Friday, March 26, 2010

Uncomfortable vs. Pain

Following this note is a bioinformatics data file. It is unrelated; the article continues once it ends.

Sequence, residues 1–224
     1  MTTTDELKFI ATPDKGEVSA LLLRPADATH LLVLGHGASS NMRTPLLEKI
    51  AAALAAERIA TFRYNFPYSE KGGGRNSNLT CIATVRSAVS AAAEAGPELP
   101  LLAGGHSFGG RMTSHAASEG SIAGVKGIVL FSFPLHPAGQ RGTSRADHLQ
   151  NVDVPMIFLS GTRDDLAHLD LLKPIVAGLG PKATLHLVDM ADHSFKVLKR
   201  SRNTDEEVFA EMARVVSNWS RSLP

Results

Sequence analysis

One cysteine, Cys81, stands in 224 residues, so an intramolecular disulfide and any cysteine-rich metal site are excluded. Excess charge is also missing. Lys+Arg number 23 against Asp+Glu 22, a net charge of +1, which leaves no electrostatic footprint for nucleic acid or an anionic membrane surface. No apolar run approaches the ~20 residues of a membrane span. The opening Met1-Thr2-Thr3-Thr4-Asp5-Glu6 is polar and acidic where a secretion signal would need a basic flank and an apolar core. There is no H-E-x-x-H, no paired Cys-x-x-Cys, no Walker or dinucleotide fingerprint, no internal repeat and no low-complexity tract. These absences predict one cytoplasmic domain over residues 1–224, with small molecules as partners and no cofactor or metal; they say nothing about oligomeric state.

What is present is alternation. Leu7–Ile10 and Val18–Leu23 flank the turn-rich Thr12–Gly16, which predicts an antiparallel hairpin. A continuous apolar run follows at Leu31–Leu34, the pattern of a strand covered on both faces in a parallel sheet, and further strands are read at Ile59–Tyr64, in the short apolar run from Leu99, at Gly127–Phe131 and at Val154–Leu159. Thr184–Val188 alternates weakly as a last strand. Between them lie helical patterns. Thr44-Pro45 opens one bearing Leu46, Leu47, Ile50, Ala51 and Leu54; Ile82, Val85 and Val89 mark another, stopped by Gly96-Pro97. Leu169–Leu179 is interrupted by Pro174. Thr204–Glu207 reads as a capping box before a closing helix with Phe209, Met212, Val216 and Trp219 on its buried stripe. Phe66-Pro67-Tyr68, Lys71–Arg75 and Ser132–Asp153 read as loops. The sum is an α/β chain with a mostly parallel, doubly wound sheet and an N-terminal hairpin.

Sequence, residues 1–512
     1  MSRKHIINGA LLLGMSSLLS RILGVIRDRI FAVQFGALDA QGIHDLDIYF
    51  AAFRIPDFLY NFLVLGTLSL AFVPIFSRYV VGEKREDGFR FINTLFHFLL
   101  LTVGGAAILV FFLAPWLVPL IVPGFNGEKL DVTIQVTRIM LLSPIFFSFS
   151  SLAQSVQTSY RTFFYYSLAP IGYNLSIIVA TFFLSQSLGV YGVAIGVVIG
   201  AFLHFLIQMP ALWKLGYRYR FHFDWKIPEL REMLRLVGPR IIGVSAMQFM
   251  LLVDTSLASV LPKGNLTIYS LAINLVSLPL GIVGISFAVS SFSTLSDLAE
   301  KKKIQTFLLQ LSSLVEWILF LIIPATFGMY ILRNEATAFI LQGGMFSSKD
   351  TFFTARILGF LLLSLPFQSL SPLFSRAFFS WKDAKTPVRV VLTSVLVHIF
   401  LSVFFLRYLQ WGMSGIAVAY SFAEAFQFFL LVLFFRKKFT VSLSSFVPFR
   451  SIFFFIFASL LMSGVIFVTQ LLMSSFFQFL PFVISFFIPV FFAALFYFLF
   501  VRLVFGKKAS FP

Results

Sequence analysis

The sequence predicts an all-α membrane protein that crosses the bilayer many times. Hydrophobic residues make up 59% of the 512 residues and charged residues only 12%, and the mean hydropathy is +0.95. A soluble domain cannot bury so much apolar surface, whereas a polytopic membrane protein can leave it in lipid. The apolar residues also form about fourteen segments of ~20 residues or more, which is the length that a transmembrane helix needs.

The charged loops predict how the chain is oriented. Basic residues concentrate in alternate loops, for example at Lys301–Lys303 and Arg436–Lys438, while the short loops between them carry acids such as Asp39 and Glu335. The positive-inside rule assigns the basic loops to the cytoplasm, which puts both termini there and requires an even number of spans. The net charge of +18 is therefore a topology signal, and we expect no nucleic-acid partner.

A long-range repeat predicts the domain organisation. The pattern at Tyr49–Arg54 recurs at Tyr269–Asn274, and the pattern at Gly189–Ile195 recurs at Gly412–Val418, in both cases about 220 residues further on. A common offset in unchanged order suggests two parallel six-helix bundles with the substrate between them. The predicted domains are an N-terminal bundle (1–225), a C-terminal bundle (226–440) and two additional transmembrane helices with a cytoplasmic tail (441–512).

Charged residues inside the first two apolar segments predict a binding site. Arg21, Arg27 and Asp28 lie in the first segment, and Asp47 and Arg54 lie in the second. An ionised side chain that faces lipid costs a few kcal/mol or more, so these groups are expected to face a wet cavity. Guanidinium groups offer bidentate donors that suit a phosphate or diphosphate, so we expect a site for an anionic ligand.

I had my neurological procedure done yesterday and was acutely aware of the differences that exist between the medical community and the general public. When I tell someone they are going to be uncomfortable, that means your pillow will not be adequately fluffed and I should probably get you two bon bons instead of just one. Would that make you more comfortable? Uncomfortable means not terribly threatening but merely something that requires some small adjustment to correct it. When I am "uncomfortable" with something someone says, it usually means that I will make a mental note of that, but not necessarily confront them in an attack on their opinion or point of view. I might even say that "that makes me uncomfortable", but that would be said in a conversational tone, without anger or malice. In my mind, uncomfortable means simply with a little tweaking, we can all be comfortable again. No biggie. Pain, on the other hand, is something that gets your immediate attention. It hurts big time. Pain has different levels, like the little smiley face chart in the hospital rooms where they ask you to describe your pain. On a scale of one to ten, describe your pain level. The last smiley face (at ten) has a big frown and tears are drawn in. This is not adequate. In order to describe real pain, we must increase the levels to twenty, and the last couple of smiley faces would need to be animated so you could see the little frowning guy banging his head side to side against the little box he lives in, with his mouth wide open in a scream. This would more adequately describe levels of pain. A frown with tears is often how I feel when I awake in the morning, Certainly not my last option on a scale of pain offered up in the emergency room. They are delusional. Or, (and this is my real belief), they are not interested. Not because they are a compassionless group, but because sometimes there isn't alot they can do for your pain. It is a dilemma of discretion. So, when I received the information paperwork in advance of this procedure involving needles and electric shocks, I was quite concerned that the description of "you may feel some discomfort during this procedure", would not be an adequate nor totally accurate way of giving me all the facts. And, truth be told, I was prepared to pre-medicate myself with some over-the-counter product that would simply take the edge off what was described as discomfort. Being the "follow the rules" kind of gal that I am, I called the doctor's office to make sure that would not interfere with the program, or better yet, I didn't want to impede the possibility that they would be giving me something REALLY effective upon my arrival and finding that I had pre-medicated on my own, was no longer eligible for the "good stuff". As you can see, I know my way around medical procedures. Anyway, I was told in no uncertain terms that taking any pain meds would in fact interfere with the procedure as they needed my muscular responses to be unrestricted and totally normal. I did what I was told. I took nothing. Big, big mistake. I will leave out the gorey details. We can leave those for another day when I feel the need to rail against the world. Suffice it to say that medicating in advance would have been humane. Comparing my pain level to childbirth and commenting that "if I had survived childbirth, this should be nothing" was not a smart move by a seemingly very educated man. He should have known better. Of all the stupid things that people say, and we could devote an entire column to really stupid sayings, that one rates way up at the top. Essentially, if I whack this man in the southerly region (and by the way, that is not the term I used, shame on me), I can stand over him and proclaim that "compared to an amputation, that is nothing!-Buck up my friend!" as he writhes in pain on the floor. Are you kidding me? WRONG!!!! Just because I survived childbirth does not make me immune to pain. It makes me simply aware that pain is something I should avoid every frigging chance I get. Whether it is a ten or a twenty on a very inadequate scale of comparison is irrelevant. OUCH! that's good enough for me. OWWWWWW. This is more serious. Holding my breath as tears stream down my face uncontrollably, and breathing only enough so that I won't scream out in pain or start to sob in that downward spiral we've all had at one time or another, when sobbing is all you can do, now that is pain. Childbirth it's not. Obviously. But at that moment, I wasn't comparing, nor did I care. It was today's issue with today's inability to cope with it. Since he was not signing on for the whacking, nor did he comment any further on my reaction, I can only assume that he saw my point. He shook my hand and left, and the nurse was lovely, handing me tissues and giving me instructions for the afternoon. It was over. He had asked me mid-way if I wanted to stop the procedure and take it up another time. Obviously my answer was No. We had started-now finish. I was determined to get through it. So I never have to go through it again. Are we clear?

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